After strong push, 41 percent losing Medicaid get new coverage

A sign outside the women's center in Danbury directs Access Health CT customers to the transition enrollment fair Wednesday afternoon.

Kyle Constable / CTMirror.org

A sign outside the women’s center in Danbury directs Access Health CT customers to the transition enrollment fair.

After a strong push from Connecticut’s health insurance exchange, about 5,600 low-income parents and caregivers transitioned to new health coverage through the state exchange before losing their state-sponsored Medicaid at the end of July.

However, this means that 8,224 others who lost coverage either enrolled in a new plan independent of the exchange or, more likely, did not find new coverage at all by Aug. 1.

About 14,000 parents and caregivers on HUSKY A – the state-sponsored Medicaid program for low-income parents, caregivers and children – lost their coverage on July 31 after legislators made eligibility requirements more stringent in 2015.

Officials from the state exchange, Access Health CT, say about 41 percent of those affected – 5,587 people – transitioned to new health insurance plans through the exchange before the deadline.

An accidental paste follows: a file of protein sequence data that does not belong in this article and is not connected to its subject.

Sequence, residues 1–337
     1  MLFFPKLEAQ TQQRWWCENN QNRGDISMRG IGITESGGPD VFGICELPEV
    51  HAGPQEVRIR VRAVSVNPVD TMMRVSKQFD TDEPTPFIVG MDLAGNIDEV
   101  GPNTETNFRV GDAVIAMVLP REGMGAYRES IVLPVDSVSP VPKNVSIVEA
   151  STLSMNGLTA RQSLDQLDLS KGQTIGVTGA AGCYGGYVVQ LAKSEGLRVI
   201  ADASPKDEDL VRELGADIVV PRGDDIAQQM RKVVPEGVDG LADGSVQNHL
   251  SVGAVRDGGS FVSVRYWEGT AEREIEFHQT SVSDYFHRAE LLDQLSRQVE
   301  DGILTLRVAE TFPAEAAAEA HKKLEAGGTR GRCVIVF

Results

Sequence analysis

Those who have not yet transitioned to a new plan still have until Sept. 29 to get coverage through the exchange. Eligible individuals can enroll in a state Medicaid plan at any time.

“We have said from the beginning that we consider every person who signs up to be a success,” Access Health CEO Jim Wadleigh said Tuesday. “By that measure, we have been successful enrolling 41 percent of eligible (transition) customers.”

Wadleigh says those without health insurance for 2016 could face tax penalties up to $695 or 2.5 percent of their incomes – whichever is greater.

Of those who made the transition, about 62 percent were able to enroll in a different HUSKY plan after their eligibility was redetermined. The remaining 38 percent enrolled in new plans from a private carrier on the exchange.

The state exchange made a concerted effort to help those affected find new health coverage, holding nearly a dozen transition fairs across the state and contacting affected individuals both by mail and phone.

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